Why Einhorn Is Wrong About Apple
Earlier today, Benzinga covered David Einhorn's Greenlight Capital quarterly investor letter. In the letter, Greenlight defends Apple (NASDAQ: AAPL) against a variety of bearish theses.
Specifically, Greenlight highlights four common rebuttals that analysts and commentators have put out on the Apple bull case, those being: 1) too many hedge funds own AAPL, 2) no company can be a $1 trillion company, 3) mobile leaders have crashed before and Apple should be no different, and 4) Apple can't possibly maintain its growth.
It is his first point to which I disagree; not that his data is wrong in that only 5% of Apple stock is owned by hedge funds and that no hedge funds rank in the top 40 holders, but that Apple is not over-owned.
According to research by Kai Petainen of the University of Michigan's Ross School of Business, Einhorn has overlooked a large asset base in his theory that the Apple market is not yet saturated. Apple is owned by 4,675 mutual funds, which is second only to Microsoft (NASDAQ: MSFT) in fund ownership. Also, it represents about 4.04% of all of these portfolios, meaning that only so many more funds can add to it, as positions over 5% are either unwanted or potentially banned based on investing rules for mutual funds.
Lastly, more funds have been decreasing their positions, rather than increasing positions. So the question I have for Einhorn is this: if hedge funds are notorious for finding bargains before retail investors, and retail investors are largely saturated in Apple, are hedge funds under-invested in Apple or are they already sold out and waiting for retail to follow?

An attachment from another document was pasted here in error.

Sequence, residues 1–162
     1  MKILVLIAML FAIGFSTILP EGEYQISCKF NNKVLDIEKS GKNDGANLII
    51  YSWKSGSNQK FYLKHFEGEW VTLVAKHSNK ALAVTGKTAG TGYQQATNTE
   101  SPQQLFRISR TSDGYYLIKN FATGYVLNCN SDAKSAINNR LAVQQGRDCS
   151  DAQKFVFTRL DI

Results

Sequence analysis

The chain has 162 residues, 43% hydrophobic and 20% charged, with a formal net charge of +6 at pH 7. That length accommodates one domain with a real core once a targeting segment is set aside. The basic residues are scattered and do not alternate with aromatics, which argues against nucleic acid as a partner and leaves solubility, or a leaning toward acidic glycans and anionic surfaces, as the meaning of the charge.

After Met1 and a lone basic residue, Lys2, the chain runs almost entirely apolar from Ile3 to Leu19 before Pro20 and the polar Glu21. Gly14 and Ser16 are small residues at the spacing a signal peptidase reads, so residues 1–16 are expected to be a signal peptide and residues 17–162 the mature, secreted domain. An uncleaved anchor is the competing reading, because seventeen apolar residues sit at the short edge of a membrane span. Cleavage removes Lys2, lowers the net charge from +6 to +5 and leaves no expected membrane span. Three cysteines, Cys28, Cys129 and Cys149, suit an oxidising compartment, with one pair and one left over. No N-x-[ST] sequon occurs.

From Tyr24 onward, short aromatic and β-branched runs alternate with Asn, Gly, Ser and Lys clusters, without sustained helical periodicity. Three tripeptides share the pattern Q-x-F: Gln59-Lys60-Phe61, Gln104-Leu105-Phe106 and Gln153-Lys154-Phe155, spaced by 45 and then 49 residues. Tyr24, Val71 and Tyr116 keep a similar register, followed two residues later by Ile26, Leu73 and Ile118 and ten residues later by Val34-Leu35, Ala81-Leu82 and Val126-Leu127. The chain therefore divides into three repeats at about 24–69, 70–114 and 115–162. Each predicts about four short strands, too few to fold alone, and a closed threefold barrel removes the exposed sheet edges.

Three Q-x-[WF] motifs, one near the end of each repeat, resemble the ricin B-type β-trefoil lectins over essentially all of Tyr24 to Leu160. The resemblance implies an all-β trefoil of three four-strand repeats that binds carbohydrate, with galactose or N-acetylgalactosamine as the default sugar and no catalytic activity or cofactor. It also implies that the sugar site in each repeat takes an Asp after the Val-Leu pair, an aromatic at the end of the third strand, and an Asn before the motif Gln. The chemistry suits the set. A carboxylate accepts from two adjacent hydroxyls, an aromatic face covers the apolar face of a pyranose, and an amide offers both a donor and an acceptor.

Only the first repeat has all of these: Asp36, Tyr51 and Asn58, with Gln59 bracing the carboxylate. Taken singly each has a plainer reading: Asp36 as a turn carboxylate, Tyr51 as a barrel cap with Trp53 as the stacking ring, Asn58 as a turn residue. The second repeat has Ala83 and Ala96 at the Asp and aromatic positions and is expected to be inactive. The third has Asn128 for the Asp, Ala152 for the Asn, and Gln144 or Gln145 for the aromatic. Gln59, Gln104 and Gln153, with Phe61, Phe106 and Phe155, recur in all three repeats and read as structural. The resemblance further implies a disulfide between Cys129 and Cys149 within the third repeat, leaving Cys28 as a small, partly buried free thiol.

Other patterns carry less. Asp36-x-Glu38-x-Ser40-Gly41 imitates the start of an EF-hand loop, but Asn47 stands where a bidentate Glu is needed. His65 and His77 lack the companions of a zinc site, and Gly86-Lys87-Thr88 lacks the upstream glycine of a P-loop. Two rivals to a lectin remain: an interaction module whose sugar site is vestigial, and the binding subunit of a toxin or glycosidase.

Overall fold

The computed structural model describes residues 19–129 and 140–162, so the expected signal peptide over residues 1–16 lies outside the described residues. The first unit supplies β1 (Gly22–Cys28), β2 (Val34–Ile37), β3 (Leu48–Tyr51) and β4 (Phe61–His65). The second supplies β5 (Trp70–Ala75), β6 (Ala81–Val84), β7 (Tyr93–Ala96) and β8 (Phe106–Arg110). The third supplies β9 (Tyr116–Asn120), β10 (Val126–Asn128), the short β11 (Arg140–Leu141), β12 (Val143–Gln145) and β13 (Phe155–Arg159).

Also, why only focus on some big name, high profile stocks? In terms of Apple, Einhorn's position did not change during the quarter, and yet Greenlight bought Oaktree Capital (NYSE: OAK), Computer Sciences Corp (NYSE: CSC), and Expedia (NASDAQ: EXPE). Also, Greenlight owns 25.6% of the outstanding A-stock in Biofuel Energy (NASDAQ: BIOF) and 84% of the B-shares.
Einhorn, why focus on defending Apple and not mention all of these other positions? Has the data I have presented caused any second thinking on your defense of the first Apple bear case? I am just looking for answers and I would love to hear from you.
Kai Petainen‘s views on the market and stocks are his alone, and do not reflect the views of the Ross School of Business or the University of Michigan. Kai teaches a class on quant screening, F334 — Applied Quant/Value Portfolio Management, at the Ross School of Business. Kai is a MFolio master at Marketocracy, and is featured in Matthew Schifrin's book, “The Warren Buffetts Next Door“. You can follow Kai on Forbes.
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